I'm in college now and was converted through a campus ministry.The group that I assemble with has its situations, but there is no race or ethnic boundary. Cultural bounds are being broken. I attend a historically black college but the group I assemble with was once a predominantly white congregation. There are international bounds being broken. We have brothers of Hispanic descent and all different backgrounds. From conservative to those in rehabilitation to those from broken homes to those who grew up in poor and deprived neighborhoods and also those who have been blessed with an abundance. They didn't know me from anyone in the world but have taken me, a stranger but now a brother, into their hearts. If I have a need they do what they can to help me without pacifying me and allowing me to disobey God in not working and taking care of my responsibilities. This is a testament to who Jesus Christ is and what he is capable of if we allow the Holy Spirit to dwell in us.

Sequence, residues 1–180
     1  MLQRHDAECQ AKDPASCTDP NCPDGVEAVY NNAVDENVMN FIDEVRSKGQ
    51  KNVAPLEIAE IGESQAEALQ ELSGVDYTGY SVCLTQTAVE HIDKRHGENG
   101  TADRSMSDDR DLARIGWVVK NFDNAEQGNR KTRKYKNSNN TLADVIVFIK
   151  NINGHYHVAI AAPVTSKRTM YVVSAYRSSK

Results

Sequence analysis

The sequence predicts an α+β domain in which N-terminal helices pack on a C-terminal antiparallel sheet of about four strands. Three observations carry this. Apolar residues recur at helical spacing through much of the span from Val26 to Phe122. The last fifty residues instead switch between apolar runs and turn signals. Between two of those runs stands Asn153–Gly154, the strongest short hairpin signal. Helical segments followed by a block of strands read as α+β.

After typing that out and reading I feel like the most loved individual on the planet and I am shame to even continue writing about my problems. Everyone has problems but not everyone has Jesus Christ and his body of loving believers to back them. My situation is that though I have schizophrenia. God has made provisions to where I can cope with it to where people can't even tell.

I don't even know how this relates to the situation but please bear with me. I was classified as gifted about the age of 7. I took the IQ test and it was above normal. I fell off into a lifestyle that didn't glorify God nor did it reflect the level of proposed intelligence that he had given. I flunked out of college and I didn't seek God but my own desires. Now I'm back in college. I have a A.S. degree under my belt. I'm doing research in something related to my field and I work as a tutor for two departments on my campus. My GPA is well above what's needed.